By Jason Phillips, Kakuma Program Coordinator, International Rescue Committee (IRC)
Poul Nielson, the European Commissioner responsible for humanitarian and development aid policies, tells HAR's Editor Giles Merritt of his conclusions after visiting war-torn Kabul
HAR: You have just returned from a visit to Kabul to assess the situation there. What is your over-riding impression of post-Taliban Afghanistan?
Poul Nielson: The word that comes to mind is "neglect". The Afghan people have had to face three main problems: war, drought and neglect.
Attacks on humanitarian workers in the world's danger spots represent an alarming trend that is likely to accelerate in the years ahead. This now poses a serious problem for international aid organisations, as the rise in casualties among aid workers could not only affect how aid agencies conduct their programmes, but even whether they are able to respond at all to some emergencies.
The problem is beginning to take on alarming proportions. The UNHCR points out that two-thirds of its staff work in security risk areas and a third serve in particularly hazardous duty stations.
Military intervention is seldom enough nowadays. Finland's Former President Martti Ahtisaari explains why EU civilian crisis management force is also essential in "failed state" emergencies
Martti Ahtisaari was President of the Republic of Finland from 1994-2000. Upon leaving office, Mr. Ahtisaari took on the co-Chairmanship of the New York-based EastWest Institute and the Chairmanship of the Brussels-based International Crisis Group.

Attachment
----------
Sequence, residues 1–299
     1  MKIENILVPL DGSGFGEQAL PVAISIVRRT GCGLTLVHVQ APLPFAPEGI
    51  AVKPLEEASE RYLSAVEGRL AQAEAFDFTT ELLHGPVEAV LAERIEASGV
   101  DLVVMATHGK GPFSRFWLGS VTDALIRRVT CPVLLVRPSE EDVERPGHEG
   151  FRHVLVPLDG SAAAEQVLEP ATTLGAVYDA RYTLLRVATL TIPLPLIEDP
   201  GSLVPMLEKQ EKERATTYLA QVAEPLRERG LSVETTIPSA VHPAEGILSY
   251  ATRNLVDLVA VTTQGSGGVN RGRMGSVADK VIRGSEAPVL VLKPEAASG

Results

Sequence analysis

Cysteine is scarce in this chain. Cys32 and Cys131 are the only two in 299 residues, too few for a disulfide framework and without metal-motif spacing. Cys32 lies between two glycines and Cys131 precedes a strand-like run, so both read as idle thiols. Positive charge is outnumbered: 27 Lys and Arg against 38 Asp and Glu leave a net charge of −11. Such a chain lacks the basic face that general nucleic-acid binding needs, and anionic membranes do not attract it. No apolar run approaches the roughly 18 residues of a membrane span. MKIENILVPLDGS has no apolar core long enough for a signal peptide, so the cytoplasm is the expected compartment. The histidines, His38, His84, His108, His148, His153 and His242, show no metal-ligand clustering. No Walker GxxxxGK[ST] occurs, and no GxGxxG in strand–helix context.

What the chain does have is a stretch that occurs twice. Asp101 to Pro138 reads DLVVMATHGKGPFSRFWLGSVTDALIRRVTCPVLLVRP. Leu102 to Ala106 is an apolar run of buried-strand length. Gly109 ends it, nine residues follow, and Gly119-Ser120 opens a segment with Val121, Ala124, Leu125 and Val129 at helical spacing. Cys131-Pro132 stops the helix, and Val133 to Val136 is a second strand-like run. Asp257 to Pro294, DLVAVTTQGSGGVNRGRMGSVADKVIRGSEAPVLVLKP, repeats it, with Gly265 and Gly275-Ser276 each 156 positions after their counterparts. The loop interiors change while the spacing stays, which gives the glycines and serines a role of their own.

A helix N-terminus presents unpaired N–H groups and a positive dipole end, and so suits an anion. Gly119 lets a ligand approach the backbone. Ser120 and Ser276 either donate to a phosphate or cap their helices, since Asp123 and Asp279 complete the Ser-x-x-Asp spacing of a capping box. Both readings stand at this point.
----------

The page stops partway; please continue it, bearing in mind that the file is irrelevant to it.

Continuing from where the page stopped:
Our experience in Kosovo and elsewhere clearly shows that military forces are not always well-suited to crisis management.
Suite au tremblement de terre survenu mi-janvier, Pharmaciens Sans Frontières - Comité International a envoyé une équipe d'évaluation au Salvador, dont Martine Lecuyer, pharmacien canadien, et Loïc Aubry, administrateur - logisticien français, faisaient partie.
Quand nous arrivons le 20 janvier à San Salvador, les secours sont déjà mis en oeuvre et l'aide internationale afflue de toute part. Le Comité local d'Urgence (COEN) qui gère la situation nous oriente d'abord vers le tri des produits pharmaceutiques envoyés.
New efforts to enforce human rights laws in conflicts zones have failed to reduce civilian casualties. Yasmine Sherif argues that civilians need protection as well as material aid
The UN intervention and successive reconciliation attempts have done little to fill the civil vacuum in Somalia. Ali A. Jama argues that the international community should now let Somalia resolve its own problems